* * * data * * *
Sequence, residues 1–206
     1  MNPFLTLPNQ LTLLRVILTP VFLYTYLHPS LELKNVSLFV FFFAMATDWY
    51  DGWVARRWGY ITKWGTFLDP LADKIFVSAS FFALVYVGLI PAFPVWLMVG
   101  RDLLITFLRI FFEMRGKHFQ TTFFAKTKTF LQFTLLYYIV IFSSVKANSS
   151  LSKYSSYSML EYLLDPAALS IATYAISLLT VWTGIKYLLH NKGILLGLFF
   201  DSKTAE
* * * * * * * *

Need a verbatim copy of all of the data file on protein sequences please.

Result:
Sequence, residues 1–206
     1  MNPFLTLPNQ LTLLRVILTP VFLYTYLHPS LELKNVSLFV FFFAMATDWY
    51  DGWVARRWGY ITKWGTFLDP LADKIFVSAS FFALVYVGLI PAFPVWLMVG
   101  RDLLITFLRI FFEMRGKHFQ TTFFAKTKTF LQFTLLYYIV IFSSVKANSS
   151  LSKYSSYSML EYLLDPAALS IATYAISLLT VWTGIKYLLH NKGILLGLFF
   201  DSKTAE